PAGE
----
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By Judith Raymer
Apr 10, 2015 09:20 AM EST

The Longest Ride Theatrical Review

The Longest Ride Theatrical Review
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If grey is too gloomy for you, try 50 (or 100) Shades of Blush.  I did! But, before we get to those hot and glistening details...

What you need to know about Nicholas Sparks' latest novel turned Hollywood blockbust... er... uh... hopeful...

There are some acting gems in this film.  Disclosure: I became a lifelong Alan Alda fan upon meeting Hawkeye Pierce.   Personal feelings aside…the man is a national treasure in acting.  The man can elevate an actor or scene that might not otherwise hit the mark.  In The Longest Ride, much of his time is spent doing just this. 

Alda's Ira Levinson (yes, there are two) is rescued from a car wreck by soon to be star crossed lovers Sophia (Britt Robertson) and Luke (Scott Eastwood).  Sophia, a college art student, and Luke, a bull-riding champ, lock eyes after one of his rides.  They meet again at the crash site where they rescue Ira, and the letters that tell his love story. 

As is standard Sparks, the love story is epic.  Wait…love stories…one epic, one steamy.  Ruth and Ira's WW2 era story unfolds with lovely storytelling, and beautiful cinematography.  The younger Ruth and Ira are played by film royalty descendents Oona Chaplin (granddaughter of Charles), and Jack Huston (grandson of John, nephew of Angelica and Danny).  Family legacies aside, as Ruth and Ira, they are charming, moving, and inspiring.  They capture the essence and lunacy of their characters.  Oona, Jack and Alan, together made me cry…a lot.  The intense, undying, above all else love (as Sparks' is so apt at capturing) that leaves the audience yearning for nothing less will move you with all its hurdles which include nothing less than combat war, infertility, and shattered dreams en route to happily devoted ever after.  [gasp]

We're drawn in to this tale as Sophia begins reading Ira's love letters.  At first, he doth protest, but touched by the reflection and recollection, Ira takes young Sophia under his proverbial (and bandaged) wing.  The parallels of their lives and loves are clear for the romantic storytelling though a bit farfetched and forcibly contrived if you're looking for more than a well produced and enjoyable time.  (But, I digress.)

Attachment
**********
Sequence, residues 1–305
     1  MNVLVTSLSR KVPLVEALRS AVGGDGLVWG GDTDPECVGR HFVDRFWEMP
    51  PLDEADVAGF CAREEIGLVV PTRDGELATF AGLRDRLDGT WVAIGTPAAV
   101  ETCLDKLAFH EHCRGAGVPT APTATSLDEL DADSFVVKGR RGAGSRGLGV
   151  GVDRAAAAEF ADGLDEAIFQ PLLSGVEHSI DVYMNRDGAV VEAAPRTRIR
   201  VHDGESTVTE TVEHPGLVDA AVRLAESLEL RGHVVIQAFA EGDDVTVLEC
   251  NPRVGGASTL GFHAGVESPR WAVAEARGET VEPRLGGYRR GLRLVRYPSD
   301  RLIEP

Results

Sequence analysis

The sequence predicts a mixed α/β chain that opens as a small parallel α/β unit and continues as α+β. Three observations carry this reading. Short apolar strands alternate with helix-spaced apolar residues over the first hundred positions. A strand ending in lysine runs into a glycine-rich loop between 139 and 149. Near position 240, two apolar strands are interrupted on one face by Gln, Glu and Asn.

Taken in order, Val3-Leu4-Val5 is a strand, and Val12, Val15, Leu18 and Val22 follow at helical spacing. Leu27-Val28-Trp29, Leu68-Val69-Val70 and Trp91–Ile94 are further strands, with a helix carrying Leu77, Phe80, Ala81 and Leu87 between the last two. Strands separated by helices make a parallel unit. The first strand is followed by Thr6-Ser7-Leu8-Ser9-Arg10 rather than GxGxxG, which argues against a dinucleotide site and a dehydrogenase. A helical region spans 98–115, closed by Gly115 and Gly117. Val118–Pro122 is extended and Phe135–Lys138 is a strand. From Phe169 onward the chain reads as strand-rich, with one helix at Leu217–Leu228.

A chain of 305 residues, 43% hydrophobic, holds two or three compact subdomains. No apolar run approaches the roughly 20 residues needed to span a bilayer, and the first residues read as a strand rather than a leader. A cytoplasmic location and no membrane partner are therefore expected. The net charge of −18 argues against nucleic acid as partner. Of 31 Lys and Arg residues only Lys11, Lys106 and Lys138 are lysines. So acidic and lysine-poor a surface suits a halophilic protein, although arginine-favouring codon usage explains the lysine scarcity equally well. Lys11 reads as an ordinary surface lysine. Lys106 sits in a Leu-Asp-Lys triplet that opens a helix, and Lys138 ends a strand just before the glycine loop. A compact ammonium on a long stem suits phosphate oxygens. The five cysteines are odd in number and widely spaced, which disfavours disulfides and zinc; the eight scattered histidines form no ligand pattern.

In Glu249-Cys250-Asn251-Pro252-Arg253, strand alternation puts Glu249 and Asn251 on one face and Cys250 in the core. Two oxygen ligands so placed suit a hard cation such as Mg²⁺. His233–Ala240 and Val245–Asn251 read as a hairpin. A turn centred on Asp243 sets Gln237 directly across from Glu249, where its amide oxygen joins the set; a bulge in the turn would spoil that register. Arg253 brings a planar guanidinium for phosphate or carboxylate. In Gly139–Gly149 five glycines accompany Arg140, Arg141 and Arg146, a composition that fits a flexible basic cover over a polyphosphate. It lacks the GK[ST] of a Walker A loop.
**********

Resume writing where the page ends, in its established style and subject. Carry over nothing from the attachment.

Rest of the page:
As the tales further unravel and intertwine, the threads that connect them are passion, art, devotion, and internal conflict.  Sure, that's plenty.   Just don't get into the details.  They'll detract from all the riding.  As a former bull-riding champ hell bent on a comeback, Luke spends a great deal of time on the PBR (Professional Bull Rider) circuit…(spoiler alert) riding bulls.  While he's only got to stay on for eight seconds, each ride is painstakingly edited to endure!  Sophia gets a shot, too.   She mounts the mechanical bull taking riding tips from Luke in a seductive scene plagued with rain. 

Then, there are the love scenes between Sophia (spunky, sprite AND seducing turn for Robertson), and Luke (Eastwood…son of Clint though nee Reeves et more "film royalty") of which there are many.  The scenes are hot.  Let's face it…these two young actors are hot.  Sure, it's "Lifetime Movie" kind of hot, but if your mom's sitting next to you (as mine was), and she's thinking, "he's hot!" (as mine was)  In spite of repeatedly reminding your mother that he could be your son; therefore, her grandson (as I was), well…then, you might blush, too!

Regardless of all the "royalty," an Oscar contender, it is not.  It is, however, lovely and effortless viewing with moving (and, Or…er…gasmic) moments.  A great mother daughter movie night flick (assuming your daughter is of an appropriate age). C+

(Check out my interview details for bonus info.)

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MPAA Rating: PG-13
Running Time: 128 minutes
Distributed By: 20th Century Fox

For more information about The Longest Ride visit the FlickDirect Movie Database.


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About Judith Raymer

FlickDirect, Judith  Raymer

It was the classic movies shown Saturdays after the morning cartoon lineup that piqued Judith's curiosity for film. That curiosity would give way to a lifetime of exploration and contribution to media productions of all sorts — meandering through the worlds of fashion, public relations, advertising, film and television. Read more reviews and content by .

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